Tuesday, September 18, 2012

Fire: Environmentalist's Way to Thin the Forests

From Terry Anderson's editorial in today's WSJ "Environmental Protection Up in Smoke": 
Environmental laws since the 1970s require public input into federal land-use decisions including logging on national forests. This has led to lawsuits challenging efforts by the U.S. Forest Service to prevent forest fires by thinning out trees (most of which are dead or diseased) and brush by machines and carefully controlled burns. This dead wood is the fuel that feeds catastrophic wildfires. 

Removing the fuel reduces the likelihood of fires, and if fires do break out, makes them easier to fight. Meanwhile, the suppression of fires costs the federal government nearly $2.5 billion annually. 

A fuels-management project to log and thin 4,800 acres in the Bozeman, Mont., watershed exemplifies the problem. This project has been held up since 2010 on grounds that the environmental-impact assessment did not adequately protect the habitat of the Canadian lynx and the grizzly bear, both listed as threatened species. 

Now a wildfire threatens the watershed, burning over 10,000 acres and costing more than $2 million to fight. As one firefighter put it, "fire is the environmentalist's way of thinning the forests."

28 Comments:

At 9/18/2012 9:05 AM, Blogger Bruce Oksol - oksol@yahoo.com said...

... and I guess, thinning out the Canadian lynx and the grizzly bear in the process.

 
At 9/18/2012 11:12 AM, Blogger Che is dead said...

It's not about saving the Canadian lynx or the grizzly bears:

Deep-pocketed environmental groups are collecting millions of dollars from the federal agencies they regularly sue under a little-known federal law, and the government is not even keeping track of the payouts, according to two new studies.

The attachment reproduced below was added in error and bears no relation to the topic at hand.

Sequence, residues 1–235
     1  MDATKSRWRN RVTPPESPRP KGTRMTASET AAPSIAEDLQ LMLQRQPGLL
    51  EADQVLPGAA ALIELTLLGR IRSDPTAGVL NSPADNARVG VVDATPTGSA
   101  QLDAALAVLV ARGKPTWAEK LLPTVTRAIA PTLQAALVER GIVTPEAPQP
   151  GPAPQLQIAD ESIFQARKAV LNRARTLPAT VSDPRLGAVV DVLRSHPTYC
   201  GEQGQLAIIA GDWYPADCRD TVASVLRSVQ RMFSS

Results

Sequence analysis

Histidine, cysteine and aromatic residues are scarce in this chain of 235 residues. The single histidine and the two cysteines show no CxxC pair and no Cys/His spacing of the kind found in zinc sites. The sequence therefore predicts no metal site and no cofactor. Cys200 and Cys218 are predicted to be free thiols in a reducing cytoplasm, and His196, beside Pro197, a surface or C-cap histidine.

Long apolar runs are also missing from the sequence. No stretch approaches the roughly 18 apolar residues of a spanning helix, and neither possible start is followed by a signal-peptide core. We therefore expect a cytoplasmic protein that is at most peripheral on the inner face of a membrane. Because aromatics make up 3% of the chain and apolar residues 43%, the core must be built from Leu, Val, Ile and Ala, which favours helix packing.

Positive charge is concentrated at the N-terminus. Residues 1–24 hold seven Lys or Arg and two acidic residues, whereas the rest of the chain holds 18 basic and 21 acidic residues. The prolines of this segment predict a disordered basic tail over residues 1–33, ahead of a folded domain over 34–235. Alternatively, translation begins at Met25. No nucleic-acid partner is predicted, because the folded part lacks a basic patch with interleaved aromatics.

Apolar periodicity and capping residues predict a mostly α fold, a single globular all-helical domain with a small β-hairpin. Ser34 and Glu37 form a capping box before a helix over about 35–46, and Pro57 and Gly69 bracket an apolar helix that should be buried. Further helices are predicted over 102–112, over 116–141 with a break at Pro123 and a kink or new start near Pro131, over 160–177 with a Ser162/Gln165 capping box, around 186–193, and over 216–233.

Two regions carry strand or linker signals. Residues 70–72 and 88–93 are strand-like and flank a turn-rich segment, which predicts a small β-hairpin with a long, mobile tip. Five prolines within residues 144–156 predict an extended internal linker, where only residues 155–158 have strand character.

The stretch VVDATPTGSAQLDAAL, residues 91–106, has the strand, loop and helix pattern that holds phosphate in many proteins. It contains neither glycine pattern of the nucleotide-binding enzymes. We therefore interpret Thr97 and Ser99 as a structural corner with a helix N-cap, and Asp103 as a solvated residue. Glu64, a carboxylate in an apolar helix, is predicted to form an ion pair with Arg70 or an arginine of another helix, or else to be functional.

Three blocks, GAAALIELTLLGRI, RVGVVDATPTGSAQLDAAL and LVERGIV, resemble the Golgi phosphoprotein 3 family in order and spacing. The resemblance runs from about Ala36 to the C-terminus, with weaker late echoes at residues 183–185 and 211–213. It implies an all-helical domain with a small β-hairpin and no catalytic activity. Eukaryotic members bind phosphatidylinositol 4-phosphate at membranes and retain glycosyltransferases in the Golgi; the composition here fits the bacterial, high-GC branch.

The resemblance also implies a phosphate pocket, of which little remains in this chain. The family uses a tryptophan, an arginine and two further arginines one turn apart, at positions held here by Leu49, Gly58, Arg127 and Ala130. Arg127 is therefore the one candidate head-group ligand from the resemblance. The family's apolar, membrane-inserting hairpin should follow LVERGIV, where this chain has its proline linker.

Under the Equal Access to Justice Act, or EAJA — which was signed into law by President Carter in 1980 to help the little guy stand up to federal agencies — litigants with modest means who successfully show government agencies wronged them can get their legal fees back from the taxpayer.

But the act also covers 501(c)(3) nonprofits, including environmental groups that aggressively sue the feds to enforce land-use laws, the Clean Water and Clean Air acts and laws protecting endangered species. Their lawyers are getting reimbursed at rates as high as $750 an hour, sources tell FoxNews.com.

“It was intended for helping our nation's veterans, seniors and small business owners, but environmental groups have hijacked the so-called Equal Access to Justice Act and abused it to fund their own agenda,” Sen. John Barrasso, R-Wyo., told FoxNews.com. “Then you have small businesses and the American taxpayers left to foot the bill.” ... -- Fox News

And their agenda is much larger than environmental protection.

 
At 9/18/2012 11:27 AM, Blogger Che is dead said...

Do not forget the human cost of the environmental lefts activism:

Federal authorities failed to follow through on plans earlier this year to burn away highly flammable brush in a forest on the edge of Los Angeles to avoid the very kind of wildfire now raging there... Months before the huge blaze erupted, the U.S. Forest Service obtained permits to burn away the undergrowth and brush on more than 1,700 acres of the Angeles National Forest. But just 193 acres had been cleared by the time the fire broke out, Forest Service resource officer Steve Bear said.

The agency defended its efforts, saying weather, wind and environmental rules tightly limit how often these "prescribed burns" can be conducted... Some critics suggested that protests from environmentalists over prescribed burns contributed to the disaster, which came after the brush was allowed to build up for as much as 40 years. "This brush was ready to explode," said Los Angeles County Supervisor Mike Antonovich... "The environmentalists have gone to the extreme to prevent controlled burns, and as a result we have this catastrophe today."...